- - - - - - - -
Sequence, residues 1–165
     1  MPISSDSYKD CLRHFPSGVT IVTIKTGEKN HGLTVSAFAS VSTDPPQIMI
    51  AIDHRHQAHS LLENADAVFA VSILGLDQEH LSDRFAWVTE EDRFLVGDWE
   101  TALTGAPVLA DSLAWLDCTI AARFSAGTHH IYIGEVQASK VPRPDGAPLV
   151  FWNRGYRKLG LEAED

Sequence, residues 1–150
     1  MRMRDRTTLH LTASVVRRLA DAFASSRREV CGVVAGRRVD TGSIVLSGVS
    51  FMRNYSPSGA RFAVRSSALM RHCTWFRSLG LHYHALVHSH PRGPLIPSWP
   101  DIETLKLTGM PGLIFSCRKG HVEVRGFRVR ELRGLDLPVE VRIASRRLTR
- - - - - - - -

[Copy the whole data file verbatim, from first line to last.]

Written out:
Sequence, residues 1–165
     1  MPISSDSYKD CLRHFPSGVT IVTIKTGEKN HGLTVSAFAS VSTDPPQIMI
    51  AIDHRHQAHS LLENADAVFA VSILGLDQEH LSDRFAWVTE EDRFLVGDWE
   101  TALTGAPVLA DSLAWLDCTI AARFSAGTHH IYIGEVQASK VPRPDGAPLV
   151  FWNRGYRKLG LEAED

Sequence, residues 1–150
     1  MRMRDRTTLH LTASVVRRLA DAFASSRREV CGVVAGRRVD TGSIVLSGVS
    51  FMRNYSPSGA RFAVRSSALM RHCTWFRSLG LHYHALVHSH PRGPLIPSWP
   101  DIETLKLTGM PGLIFSCRKG HVEVRGFRVR ELRGLDLPVE VRIASRRLTR